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How to Grow Sea Buckthorn — Hippophae

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Hippophae–commonly called sea buckthorn-is an open, mounding shrub usually grown for its linear, silvery-gray-green leaves and spherical orange fruits. While the flowers are usually inconspicuous, the fruits are showy.

Hippophae tolerates low temperatures, wind, poor soil, and salt spray. It is a good screening or informal hedge plant for difficult situations.

Grow Hippophae in a mixed or shrub border, in a wild garden, or as specimens plants. In coastal areas, Hippohae can be used as a windbreak, hedging, or to stabilize sand dunes.

Hippophae is a genus of three species. It is native to coastal dunes and riverbanks from Europe into Asia.

Blooming Hippophae commonly called sea buckthorm
Blooming Hippophae commonly called sea buckthorm

Get to know Hippophae 

  • Plant type: Deciduous, dioecious shrubs and trees 
  • Growing zones and range: Zones 3 to 7 
  • Hardiness: Hardy to Zone 3
  • Height and width: 8-12 feet (2.4-3.7m)  
  • Growth rate: Fast 
  • Form and habit: Male plants grow upright; female plants spread 
  • Foliage: Leave are silvery green, slender and about 2 inches (5.1cm) long; branches are thorny 
  • Flowers: Inconspicuous flowers on bare branches 
  • Fruits: In the fall, the female plants bear enormous quantities of .3 inch bright orange berries along their stems; both male and female plants are necessary for fruit production; the fruit, disliked by birds, stays on the plant through winter until early spring 
  • Bloom time: Summer
  • Uses: Screening, seaside gardens, roadside plantings, stabilizing dunes and riverbanks, erosion control; looks best in semiwild setting; lends color to naturalized areas 
  • Common name: Buckthorn 
  • Botanical name: Hippophae 
  • Family name: Elaeagnaceae 
  • Origin: Costal areas and riverbanks in Asia and Europe 

Where to plant Hippophae 

  • Plant Hippophae in full sun.  
  • Plant Hippophae in well-drained soil; spread faster in poor soil than fertile soil; does best with some organic matter keep its roots cool. 
  • Hippophae tolerates low temperatures, wind, and salt. 

When to plant Hippophae

  • Set container-grown Hippophae in the garden in spring or autumn.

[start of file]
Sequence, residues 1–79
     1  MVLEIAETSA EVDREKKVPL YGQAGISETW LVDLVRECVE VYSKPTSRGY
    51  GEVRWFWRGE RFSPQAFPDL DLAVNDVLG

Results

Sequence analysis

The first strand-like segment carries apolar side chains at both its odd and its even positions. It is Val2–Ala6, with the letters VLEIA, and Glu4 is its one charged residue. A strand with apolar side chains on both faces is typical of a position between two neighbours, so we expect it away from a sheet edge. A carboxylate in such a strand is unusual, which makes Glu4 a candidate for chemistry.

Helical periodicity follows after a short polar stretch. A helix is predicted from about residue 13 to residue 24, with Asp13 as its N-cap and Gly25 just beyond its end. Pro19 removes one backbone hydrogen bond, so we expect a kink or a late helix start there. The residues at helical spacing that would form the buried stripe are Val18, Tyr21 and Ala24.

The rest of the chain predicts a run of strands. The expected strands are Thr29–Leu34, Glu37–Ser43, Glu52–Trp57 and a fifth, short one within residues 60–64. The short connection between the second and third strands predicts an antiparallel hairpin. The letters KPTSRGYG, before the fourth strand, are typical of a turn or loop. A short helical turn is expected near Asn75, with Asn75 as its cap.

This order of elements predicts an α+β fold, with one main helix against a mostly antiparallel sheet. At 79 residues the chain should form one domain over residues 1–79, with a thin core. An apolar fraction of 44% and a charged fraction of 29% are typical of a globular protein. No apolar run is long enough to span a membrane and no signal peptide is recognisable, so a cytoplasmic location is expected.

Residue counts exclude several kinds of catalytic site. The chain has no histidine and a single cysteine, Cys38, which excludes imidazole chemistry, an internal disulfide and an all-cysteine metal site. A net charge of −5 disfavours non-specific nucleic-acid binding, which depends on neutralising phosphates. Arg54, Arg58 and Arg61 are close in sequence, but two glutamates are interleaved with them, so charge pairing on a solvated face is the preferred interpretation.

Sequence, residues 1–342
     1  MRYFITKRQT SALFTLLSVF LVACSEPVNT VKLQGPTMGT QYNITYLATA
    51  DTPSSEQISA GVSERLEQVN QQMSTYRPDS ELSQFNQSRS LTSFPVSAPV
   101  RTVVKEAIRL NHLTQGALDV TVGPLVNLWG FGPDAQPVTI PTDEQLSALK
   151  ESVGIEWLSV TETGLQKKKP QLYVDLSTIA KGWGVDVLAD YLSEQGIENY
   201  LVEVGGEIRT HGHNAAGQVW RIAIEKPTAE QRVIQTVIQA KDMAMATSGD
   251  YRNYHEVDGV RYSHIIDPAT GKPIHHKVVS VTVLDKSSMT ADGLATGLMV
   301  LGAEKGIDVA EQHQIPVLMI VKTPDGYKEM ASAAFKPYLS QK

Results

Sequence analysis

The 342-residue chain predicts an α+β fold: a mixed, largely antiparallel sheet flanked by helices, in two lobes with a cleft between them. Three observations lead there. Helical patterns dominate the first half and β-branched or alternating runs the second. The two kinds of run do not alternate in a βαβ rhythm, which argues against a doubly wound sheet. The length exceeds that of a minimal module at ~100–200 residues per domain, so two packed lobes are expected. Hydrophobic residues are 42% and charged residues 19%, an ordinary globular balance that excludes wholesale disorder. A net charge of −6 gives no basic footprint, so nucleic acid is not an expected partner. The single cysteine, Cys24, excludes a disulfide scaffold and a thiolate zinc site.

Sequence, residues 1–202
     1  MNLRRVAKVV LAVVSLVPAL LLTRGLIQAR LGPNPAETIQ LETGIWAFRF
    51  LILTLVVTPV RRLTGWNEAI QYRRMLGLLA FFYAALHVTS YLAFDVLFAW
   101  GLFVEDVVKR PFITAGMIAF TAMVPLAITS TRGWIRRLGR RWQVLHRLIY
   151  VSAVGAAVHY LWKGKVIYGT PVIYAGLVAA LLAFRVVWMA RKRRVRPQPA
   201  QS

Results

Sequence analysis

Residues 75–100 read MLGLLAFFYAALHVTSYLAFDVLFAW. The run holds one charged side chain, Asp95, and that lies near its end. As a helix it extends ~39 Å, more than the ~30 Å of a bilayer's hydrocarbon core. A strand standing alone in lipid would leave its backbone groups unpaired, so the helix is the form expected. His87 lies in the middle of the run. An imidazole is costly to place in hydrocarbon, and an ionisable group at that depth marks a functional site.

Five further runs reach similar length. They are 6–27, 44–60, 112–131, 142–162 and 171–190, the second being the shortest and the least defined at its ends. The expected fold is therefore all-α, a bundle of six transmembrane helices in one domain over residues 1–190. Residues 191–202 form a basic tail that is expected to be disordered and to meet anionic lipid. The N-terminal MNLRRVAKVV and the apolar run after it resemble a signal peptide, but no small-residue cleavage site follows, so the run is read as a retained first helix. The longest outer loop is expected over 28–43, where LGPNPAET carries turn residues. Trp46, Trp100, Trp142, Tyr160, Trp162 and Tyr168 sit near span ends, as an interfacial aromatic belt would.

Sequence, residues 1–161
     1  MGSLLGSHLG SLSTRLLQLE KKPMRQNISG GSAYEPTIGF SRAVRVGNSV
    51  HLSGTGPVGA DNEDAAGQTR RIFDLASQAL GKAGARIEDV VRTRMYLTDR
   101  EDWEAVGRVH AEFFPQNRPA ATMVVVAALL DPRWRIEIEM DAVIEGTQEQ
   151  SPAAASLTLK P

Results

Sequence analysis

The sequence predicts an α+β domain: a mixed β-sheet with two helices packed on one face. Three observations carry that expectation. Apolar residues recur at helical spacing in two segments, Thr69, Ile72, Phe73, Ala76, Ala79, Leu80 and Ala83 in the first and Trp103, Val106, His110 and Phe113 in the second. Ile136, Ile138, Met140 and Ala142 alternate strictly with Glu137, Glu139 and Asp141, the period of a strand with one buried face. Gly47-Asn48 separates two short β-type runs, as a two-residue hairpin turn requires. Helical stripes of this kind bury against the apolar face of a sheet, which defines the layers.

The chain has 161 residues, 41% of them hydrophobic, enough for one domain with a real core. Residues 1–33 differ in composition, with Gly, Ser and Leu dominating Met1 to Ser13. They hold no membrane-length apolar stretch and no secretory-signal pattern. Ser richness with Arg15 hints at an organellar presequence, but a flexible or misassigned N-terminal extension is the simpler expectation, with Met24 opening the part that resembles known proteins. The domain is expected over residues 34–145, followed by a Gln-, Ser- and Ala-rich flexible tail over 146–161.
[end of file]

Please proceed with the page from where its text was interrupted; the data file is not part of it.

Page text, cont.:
Planting and spacing Hippophae 

  • To ensure good berry production, plant one male Hippophae to every six females.  

How to water and feed Hippophae 

  • Give Hippophae regular to moderate water. 
  • Feed Hippophae with an all-purpose organic fertilizer in spring. 
Leaves and berries of sea buckthorn
Leaves and berries of sea buckthorn

How to care for Hippophae 

  • Hippophae rarely needs pruning. 

Hippophae pests and diseases 

  • Hippophae is rarely bothered by pests or diseases.

Hippophae propagation 

  • New Hippophae plants can be started from underground stems, or suckers, from root cuttings or by forcing a branch to grow roots by the method known as ground layering.  
  • The offspring of such vegetation reproduction will be the same sex as the parent plant. 

Hippophae varieties to grow 

  • Hippophae rhamnoides, Sea buckthorn, variable in size but averaging 20 feet (6.1m) tall and wide, this large shrub or small tree has an irregular open shape and a suckering tendency. The 1-3 inch (2.5-7.6cm) willowlike leaves are gray-green and silvery, borne on spiny branches. Inconspicuous yellow-green spring flowers give way to bright orange, round to oval berries on the females. Zone 3 to 8.  

Written by Stephen Albert

Stephen Albert is a horticulturist, master gardener, and certified nurseryman who has taught at the University of California for more than 25 years. He holds graduate degrees from the University of California and the University of Iowa. His books include Vegetable Garden Grower’s Guide, Vegetable Garden Almanac & Planner, Tomato Grower’s Answer Book, and Kitchen Garden Grower’s Guide. His Vegetable Garden Grower’s Masterclass is available online. has more than 10 million visitors each year.

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